There are more teams in the NFL that have gone back-to-back as Super Bowl champions than those without an appearance on the NFL’s biggest stage. But, why does it still seem like such a massive feat to pull off a repeat?
From the second the Kansas City Chiefs won Super Bowl LIV against the San Francisco 49ers to the team’s 2020 season opener against the Houston Texas, the attention was centered around one question: Are Patrick Mahomes and company good enough to do it all again and win Super Bowl LV in February?
Time will tell, and the Chiefs certainly seem as if they have the talent to make it happen. But, if history is any indication, then the odds don’t seem to be in their favor.
Only seven franchises have ever won back-to-back Super Bowls in NFL history:
- The Green Bay Packers in 1966-1967
- The Miami Dolphins in 1972-1973
- The Pittsburgh Steelers the following two years in 1974-1975, and again in 1978-1979
- The San Francisco 49ers in 1988-1989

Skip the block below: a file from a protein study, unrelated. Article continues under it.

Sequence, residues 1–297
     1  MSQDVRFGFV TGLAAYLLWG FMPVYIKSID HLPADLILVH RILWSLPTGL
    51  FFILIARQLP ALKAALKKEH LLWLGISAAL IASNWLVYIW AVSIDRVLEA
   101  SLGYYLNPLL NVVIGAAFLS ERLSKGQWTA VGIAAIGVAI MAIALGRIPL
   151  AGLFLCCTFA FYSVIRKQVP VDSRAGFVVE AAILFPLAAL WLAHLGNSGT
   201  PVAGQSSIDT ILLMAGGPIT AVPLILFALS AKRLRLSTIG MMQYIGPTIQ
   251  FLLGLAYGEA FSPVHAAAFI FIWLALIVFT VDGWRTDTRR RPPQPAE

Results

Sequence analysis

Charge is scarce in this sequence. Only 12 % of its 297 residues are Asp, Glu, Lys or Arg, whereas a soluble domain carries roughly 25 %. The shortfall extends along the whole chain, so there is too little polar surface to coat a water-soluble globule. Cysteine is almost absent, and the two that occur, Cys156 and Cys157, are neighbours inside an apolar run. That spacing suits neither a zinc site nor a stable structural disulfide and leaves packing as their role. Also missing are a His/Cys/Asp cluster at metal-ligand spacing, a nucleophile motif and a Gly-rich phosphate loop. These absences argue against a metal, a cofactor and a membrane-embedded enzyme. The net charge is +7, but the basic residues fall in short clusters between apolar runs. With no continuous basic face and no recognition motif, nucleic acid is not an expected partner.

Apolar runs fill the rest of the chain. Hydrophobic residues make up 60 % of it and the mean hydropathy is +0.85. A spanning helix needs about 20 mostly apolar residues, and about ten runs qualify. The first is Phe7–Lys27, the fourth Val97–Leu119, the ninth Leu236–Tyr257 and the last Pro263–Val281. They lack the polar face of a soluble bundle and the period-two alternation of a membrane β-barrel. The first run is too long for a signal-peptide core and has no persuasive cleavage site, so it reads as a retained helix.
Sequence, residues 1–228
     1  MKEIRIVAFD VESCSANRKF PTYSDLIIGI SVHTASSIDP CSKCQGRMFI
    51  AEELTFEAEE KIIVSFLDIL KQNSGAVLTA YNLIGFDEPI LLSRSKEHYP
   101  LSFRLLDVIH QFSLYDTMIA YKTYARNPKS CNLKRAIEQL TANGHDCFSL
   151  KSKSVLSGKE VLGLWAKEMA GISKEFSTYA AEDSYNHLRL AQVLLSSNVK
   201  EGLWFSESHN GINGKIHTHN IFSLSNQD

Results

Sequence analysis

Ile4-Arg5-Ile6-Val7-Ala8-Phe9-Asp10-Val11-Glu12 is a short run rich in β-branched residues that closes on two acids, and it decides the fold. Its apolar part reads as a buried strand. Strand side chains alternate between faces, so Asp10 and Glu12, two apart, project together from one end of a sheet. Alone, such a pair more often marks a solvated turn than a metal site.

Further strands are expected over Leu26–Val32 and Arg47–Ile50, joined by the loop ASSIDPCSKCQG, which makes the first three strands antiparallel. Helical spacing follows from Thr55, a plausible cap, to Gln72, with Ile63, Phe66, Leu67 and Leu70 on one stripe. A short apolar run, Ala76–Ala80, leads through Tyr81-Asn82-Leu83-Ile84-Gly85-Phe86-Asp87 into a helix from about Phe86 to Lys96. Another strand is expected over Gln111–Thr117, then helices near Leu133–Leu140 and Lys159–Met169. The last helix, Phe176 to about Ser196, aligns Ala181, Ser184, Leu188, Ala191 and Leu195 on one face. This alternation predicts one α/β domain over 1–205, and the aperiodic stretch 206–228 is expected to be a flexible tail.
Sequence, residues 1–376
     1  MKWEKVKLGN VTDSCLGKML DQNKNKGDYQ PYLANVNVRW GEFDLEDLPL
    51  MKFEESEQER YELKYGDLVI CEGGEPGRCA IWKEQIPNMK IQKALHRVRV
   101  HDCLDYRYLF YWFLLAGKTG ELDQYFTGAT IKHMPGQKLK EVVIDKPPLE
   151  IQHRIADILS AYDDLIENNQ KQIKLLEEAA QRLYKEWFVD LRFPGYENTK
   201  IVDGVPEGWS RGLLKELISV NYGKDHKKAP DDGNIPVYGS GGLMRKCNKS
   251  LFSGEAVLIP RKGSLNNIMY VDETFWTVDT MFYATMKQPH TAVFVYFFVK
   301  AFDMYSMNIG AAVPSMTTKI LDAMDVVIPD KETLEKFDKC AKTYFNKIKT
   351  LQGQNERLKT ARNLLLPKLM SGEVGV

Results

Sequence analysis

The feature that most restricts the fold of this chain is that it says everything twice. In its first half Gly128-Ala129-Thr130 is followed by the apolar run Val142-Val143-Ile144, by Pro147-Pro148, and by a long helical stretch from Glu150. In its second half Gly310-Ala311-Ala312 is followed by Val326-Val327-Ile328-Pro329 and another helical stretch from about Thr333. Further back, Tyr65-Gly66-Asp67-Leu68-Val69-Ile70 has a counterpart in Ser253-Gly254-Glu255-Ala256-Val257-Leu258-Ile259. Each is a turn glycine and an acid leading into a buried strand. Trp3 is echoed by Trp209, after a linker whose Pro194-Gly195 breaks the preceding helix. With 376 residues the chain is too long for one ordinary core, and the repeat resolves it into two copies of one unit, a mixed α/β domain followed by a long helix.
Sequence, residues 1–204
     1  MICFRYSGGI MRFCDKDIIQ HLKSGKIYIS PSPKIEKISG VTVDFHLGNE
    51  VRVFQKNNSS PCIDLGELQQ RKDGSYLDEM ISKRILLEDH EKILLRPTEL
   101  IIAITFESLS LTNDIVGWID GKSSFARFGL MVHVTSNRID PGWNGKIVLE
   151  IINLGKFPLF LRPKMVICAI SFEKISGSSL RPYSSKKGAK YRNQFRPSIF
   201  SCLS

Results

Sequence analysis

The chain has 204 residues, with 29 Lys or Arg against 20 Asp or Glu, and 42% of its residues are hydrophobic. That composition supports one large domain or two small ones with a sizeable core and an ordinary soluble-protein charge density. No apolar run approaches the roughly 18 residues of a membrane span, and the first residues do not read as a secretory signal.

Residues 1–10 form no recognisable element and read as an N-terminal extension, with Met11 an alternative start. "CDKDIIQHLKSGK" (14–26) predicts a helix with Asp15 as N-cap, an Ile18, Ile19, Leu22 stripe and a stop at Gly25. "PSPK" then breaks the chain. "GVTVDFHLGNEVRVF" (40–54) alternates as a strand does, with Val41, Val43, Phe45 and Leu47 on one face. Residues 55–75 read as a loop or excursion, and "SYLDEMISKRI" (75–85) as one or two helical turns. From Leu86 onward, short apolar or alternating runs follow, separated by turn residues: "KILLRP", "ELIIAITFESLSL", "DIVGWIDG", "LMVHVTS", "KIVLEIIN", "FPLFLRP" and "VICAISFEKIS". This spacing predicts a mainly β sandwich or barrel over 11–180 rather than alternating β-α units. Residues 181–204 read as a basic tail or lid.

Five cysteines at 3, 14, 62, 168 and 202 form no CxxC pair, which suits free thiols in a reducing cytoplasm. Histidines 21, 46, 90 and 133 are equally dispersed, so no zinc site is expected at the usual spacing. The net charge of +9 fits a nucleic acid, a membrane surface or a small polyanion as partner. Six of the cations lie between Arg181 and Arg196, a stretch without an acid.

- The Dallas Cowboys in 1992-1993
- The Denver Broncos in 1997-1998
- The New England Patriots in 2003-2004
The Steelers are the only team to do it twice, and they’re also the only team in NFL history with four Super Bowls in the span of six seasons.
Two of those other teams, the Cowboys and Patriots, are the only ones to win three Super Bowls in the span of four seasons.
So, statistically, that all may seem like a lot, right? Seven out of the league’s 32 teams, equaling out to about 21 percent? Factor in the start dates for some of the teams founded as a result of expansion, and everything seems fine and dandy.
But, looking at the bigger picture tells a whole other story, one that looks a bit more troubling for both the Chiefs and their fans hoping for a run in 2020.
No team has accomplished the feat in 16 seasons. It’s only been done twice in the Chiefs’ own quarterback’s lifetime, spanning almost 25 years at the time of this writing.
And, there are so many other factors to even consider. Yes, repeats have happened eight times in the league’s history. But, think about the amount of times teams have made it all the way back to the Super Bowl scene, only to come up short in their hopes for a second title.